By Matthew Geagan, CBS Boston
BOSTON (CBS) — Chris Sale undergoing Tommy John surgery Monday, as the rest of the country and world deals with the coronavirus crisis, raised a few eyebrows. How did an athlete make a cross-country trip to California, a state that has limited elective surgeries amid the pandemic, and then undergo his operation?
It’s just another head scratching chapter in Boston’s bungling of Sale’s left elbow.
This all started last season, when it seemed like Sale was tiptoeing his way toward Tommy John surgery. Anyone who has seen the slender lefty slingshot a fastball toward home plate knew it was highly likely that he would someday need the famous procedure.
The Red Sox and Sale opted for rest instead of surgery last season, and did so again when Sale’s elbow started acting up the very first time he faced live batters in the spring. A few weeks later, when Sale attempted to throw again and the pain was still present, the only option left was the go under the knife.
So Sale spent his 31st birthday having the ligaments in his left elbow replaced. Usually that isn’t a big issue, but those surgeries don’t usually happen as the rest of the world deals with a pandemic. Needless to say, some folks were a little perplexed by the timing of Sale’s procedure.
In a conference call to discuss the surgery Monday evening, the Red Sox brass said they would not have given Sale the green light unless they were confident that the operation would not take away from those who need treatment for cornavirus. This included a discussion with Sale’s surgeon, Dr. Neal ElAttrache.
“It was important to all of us to do this in a way that would not place any undue burden on anyone suffering due to coronavirus,” said Boston chief baseball officer Chaim Bloom. “I spoke to Dr. ElAttrache personally to make sure that was the case here and he is just as mindful of the considerations that go along with surgery at a time like this.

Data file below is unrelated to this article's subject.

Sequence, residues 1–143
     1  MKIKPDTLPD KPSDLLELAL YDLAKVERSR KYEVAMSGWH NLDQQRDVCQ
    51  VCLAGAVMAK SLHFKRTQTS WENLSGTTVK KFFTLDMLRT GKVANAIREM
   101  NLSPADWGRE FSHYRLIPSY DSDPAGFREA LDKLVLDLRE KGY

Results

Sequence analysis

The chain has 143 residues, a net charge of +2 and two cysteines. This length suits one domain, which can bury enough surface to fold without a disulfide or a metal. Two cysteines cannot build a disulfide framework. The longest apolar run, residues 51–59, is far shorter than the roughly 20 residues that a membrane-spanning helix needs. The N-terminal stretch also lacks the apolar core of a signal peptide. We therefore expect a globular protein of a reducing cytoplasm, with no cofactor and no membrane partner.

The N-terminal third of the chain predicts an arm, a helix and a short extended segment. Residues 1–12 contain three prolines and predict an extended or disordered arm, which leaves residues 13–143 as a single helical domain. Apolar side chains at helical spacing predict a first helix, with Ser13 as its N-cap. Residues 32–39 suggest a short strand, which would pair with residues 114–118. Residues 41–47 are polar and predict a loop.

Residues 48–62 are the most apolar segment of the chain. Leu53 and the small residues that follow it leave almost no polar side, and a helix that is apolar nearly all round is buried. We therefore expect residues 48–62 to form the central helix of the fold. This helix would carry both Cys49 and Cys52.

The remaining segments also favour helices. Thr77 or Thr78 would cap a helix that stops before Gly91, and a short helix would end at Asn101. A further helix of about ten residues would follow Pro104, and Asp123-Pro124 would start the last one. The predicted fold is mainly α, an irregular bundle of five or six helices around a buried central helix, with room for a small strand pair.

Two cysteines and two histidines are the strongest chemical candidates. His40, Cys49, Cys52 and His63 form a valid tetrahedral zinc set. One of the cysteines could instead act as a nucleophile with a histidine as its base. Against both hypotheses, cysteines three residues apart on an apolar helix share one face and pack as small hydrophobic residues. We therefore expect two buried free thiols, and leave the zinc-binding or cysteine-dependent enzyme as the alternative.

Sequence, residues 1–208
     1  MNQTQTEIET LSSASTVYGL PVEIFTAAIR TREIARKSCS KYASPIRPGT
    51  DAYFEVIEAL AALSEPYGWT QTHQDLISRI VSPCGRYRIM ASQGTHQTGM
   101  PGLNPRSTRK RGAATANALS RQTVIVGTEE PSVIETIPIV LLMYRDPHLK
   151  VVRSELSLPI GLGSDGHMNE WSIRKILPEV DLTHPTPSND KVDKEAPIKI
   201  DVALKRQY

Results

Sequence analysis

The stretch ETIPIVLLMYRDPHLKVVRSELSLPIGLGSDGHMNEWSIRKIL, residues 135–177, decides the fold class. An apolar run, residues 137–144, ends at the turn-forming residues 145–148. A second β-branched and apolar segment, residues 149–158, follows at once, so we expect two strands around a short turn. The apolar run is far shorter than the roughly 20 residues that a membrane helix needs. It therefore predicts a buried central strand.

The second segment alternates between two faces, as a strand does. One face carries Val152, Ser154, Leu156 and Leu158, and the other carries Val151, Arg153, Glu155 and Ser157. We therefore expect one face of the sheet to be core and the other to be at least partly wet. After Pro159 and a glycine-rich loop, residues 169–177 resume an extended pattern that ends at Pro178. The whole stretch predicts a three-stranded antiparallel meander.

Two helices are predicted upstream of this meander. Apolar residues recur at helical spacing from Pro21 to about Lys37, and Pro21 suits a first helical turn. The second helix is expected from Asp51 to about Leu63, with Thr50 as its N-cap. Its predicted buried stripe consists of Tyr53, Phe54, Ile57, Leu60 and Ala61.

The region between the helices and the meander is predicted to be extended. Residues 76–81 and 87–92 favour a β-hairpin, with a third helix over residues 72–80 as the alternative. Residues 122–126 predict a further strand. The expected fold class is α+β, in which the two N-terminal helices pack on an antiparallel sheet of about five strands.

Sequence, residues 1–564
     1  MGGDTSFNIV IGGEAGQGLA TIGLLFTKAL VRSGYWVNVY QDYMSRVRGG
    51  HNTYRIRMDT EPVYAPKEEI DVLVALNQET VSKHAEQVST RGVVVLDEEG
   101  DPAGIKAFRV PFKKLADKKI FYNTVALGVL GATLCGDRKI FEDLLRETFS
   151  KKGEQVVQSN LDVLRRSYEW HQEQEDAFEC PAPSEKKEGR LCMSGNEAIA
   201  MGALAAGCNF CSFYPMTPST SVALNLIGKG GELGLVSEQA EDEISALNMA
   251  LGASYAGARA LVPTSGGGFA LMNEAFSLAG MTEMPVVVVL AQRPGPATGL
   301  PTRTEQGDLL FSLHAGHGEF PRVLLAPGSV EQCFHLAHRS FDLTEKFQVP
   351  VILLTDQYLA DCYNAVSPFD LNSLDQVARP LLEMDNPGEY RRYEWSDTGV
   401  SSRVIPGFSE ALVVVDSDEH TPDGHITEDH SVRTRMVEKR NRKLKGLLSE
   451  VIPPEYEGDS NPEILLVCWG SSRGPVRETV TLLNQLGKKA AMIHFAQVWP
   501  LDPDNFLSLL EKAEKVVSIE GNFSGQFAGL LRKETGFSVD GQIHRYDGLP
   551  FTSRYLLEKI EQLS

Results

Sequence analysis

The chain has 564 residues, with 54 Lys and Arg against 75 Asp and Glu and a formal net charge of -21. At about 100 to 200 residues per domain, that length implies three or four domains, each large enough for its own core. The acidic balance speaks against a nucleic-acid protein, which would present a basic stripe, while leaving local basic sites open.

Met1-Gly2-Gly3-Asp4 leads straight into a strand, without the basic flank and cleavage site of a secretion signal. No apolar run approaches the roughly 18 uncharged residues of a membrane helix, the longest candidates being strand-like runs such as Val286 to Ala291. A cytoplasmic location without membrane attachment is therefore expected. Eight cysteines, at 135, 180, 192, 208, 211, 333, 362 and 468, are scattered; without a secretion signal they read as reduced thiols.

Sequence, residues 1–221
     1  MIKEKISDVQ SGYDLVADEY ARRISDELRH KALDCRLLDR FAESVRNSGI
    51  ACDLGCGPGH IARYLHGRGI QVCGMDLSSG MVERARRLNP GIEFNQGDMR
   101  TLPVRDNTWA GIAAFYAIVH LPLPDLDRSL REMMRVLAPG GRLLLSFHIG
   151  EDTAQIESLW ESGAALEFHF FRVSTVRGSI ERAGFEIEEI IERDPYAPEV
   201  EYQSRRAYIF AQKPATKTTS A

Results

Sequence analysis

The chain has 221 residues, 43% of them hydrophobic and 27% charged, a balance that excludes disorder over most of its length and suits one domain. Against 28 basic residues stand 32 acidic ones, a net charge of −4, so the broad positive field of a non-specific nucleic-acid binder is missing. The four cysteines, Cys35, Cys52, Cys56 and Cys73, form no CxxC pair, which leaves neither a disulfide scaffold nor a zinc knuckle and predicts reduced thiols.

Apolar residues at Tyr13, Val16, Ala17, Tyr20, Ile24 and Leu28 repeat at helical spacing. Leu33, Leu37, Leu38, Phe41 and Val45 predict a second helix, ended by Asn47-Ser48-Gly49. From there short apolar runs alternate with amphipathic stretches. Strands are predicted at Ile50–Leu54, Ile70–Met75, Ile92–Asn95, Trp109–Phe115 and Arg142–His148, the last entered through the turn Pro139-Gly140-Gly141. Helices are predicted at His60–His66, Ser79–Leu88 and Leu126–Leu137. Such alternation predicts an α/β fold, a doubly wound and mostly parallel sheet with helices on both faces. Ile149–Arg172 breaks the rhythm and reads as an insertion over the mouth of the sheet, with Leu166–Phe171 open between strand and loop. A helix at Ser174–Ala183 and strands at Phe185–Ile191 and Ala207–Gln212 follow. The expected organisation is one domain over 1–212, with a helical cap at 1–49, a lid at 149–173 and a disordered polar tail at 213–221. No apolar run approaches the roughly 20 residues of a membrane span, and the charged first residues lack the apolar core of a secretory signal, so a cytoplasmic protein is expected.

“We know this is not life and death and that there are people who are suffering in situations that are life and death,” Bloom added.
Dr. ElAttrache was criticized last week after he performed the same surgery on San Francisco Giants pitcher Tyler Beede during the pandemic, and defended himself for doing so in an interview with the San Francisco Chronicle.
“I know that I’m going to get criticized for taking care of these kinds of guys, but it’s essential to their livelihoods,” said ElAttrache. “If you have somebody’s career at stake and they lose two seasons instead of one, I would say that is not a nonessential or unimportant elective procedure.”
Fellow orthopedic surgeon Dr. James Andrews, who operates in Florida, suspended performing Tommy John surgery earlier this month.
The Red Sox would have liked to have sent Sale for surgery much earlier than Monday, but they wanted to take every precaution to make sure it was safe to do so. Their “ace” is now expected to be on the shelf until next June.
In the end, it’s just another aspect of Sale’s problematic left elbow that has the team looking bad. Had they just given the green light on the surgery last August, Sale’s recovery would be well underway, and the team wouldn’t have egg on its face for sending a pitcher to undergo an elective surgery during a worldwide pandemic.